Legal Question in Landlord & Tenant Law in California

45 day notice to terminate tenancy

We have month-to-month lease. Owners want to sell the property and we would not agree to a lock box. We were served with a 45 day notice to terminate tenancy. In the original lease it states it may be ''cancelled by either party by giving a written notice to the other at least 30 days prior to the intended termination date. If tenant moves for any reason in the first 12 months of occupancy, tenant agrees to pay a fee in the amount of 100% months rent.'' We want to leave before the 45 days because we have an opportunity to move somewhere else. The prop. mgmt. co. is saying we have to stay for the full 45 days and pay rent for the entire time. They said they are doing us a favor by not charging us the penalty. Do we have to stay the full 45 day? Can they legally charge us a penalty when they are the ones that gave the notice? They also just sent us a ''Confirmation of Termination of Tenancy'' in the mail that says ''This letter is to confirm receipt of your 45 day written notice to vacate.'' We didn't give any notice, THEY did. Please advise what our rights are. We left a large deposit and are afraid they may try to keep the ''penalty'' and any rent we don't pay if we leave before the 45 days! We've only lived here since April 1st.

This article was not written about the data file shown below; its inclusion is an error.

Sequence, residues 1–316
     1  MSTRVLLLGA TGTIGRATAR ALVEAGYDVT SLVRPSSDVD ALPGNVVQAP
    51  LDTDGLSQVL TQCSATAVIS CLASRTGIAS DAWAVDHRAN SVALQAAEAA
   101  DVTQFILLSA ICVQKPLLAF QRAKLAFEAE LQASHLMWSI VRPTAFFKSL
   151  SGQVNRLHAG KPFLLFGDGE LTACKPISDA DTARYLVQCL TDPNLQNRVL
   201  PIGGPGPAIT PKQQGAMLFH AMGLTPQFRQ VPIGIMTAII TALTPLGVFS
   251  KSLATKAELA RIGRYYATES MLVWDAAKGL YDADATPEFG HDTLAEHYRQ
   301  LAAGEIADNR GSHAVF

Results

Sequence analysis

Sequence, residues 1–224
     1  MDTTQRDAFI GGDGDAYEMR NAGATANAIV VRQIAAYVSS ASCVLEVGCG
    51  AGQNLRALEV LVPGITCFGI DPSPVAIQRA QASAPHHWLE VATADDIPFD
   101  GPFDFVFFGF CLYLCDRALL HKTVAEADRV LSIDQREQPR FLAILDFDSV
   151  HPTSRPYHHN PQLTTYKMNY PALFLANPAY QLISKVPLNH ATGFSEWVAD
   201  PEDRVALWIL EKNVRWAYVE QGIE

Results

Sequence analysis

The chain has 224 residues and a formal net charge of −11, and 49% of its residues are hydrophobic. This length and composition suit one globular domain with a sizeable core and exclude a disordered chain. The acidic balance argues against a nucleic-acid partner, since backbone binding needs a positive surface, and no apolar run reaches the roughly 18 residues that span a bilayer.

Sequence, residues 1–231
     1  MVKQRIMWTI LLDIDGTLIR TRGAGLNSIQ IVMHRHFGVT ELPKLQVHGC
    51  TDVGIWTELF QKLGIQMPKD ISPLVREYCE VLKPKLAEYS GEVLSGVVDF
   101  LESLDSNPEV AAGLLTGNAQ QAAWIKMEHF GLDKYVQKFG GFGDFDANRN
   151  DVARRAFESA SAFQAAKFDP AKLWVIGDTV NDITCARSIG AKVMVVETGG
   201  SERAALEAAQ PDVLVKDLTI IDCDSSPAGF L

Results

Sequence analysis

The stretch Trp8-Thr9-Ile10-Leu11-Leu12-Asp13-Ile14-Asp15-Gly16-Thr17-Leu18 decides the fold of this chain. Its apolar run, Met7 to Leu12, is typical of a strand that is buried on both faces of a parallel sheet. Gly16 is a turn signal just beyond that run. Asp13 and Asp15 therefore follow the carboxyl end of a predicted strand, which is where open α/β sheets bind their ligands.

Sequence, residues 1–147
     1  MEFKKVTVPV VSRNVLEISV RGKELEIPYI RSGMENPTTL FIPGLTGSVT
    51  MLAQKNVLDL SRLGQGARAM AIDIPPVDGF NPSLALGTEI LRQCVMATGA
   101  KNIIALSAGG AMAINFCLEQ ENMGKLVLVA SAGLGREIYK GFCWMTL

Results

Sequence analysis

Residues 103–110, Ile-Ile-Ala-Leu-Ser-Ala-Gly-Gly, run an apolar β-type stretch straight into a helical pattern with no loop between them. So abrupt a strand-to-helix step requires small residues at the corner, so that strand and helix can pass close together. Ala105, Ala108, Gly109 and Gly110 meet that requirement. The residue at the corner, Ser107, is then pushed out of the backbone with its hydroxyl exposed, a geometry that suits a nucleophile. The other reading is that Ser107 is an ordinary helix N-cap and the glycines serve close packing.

Asked on 8/23/06, 11:43 pm

1 Answer from Attorneys

H.M. Torrey The Law Offices of H.M. Torrey

Re: 45 day notice to terminate tenancy

Typically speaking, the landlord or entity giving the notice pursuant to the agreement cannot recover "liquidated damages" for "throwing you out of your home" per se. a 45 day notice would normally mean you have up to 45 days to vacate, and not mean that you cannot move for 45 days. It sounds like your landlord either does not know the law, refuses to obey the law, or should seek "mental therapy" period. However, like with most, if not all agreement, the actual terms dictate the rights and obligations of the parties, if such terms are deemed legally enforceable. So, your best course of action here, would be to have an attorney review your existing lease and help you with a plan of action from there, before you do anything hasty that could adversely affect your rights or the landlord's obligations under the lease. If you would like prompt, affordable legal assistance in reviewing your lease agreement, contact our Law Firm today. God Bless.

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Answered on 8/24/06, 2:54 pm

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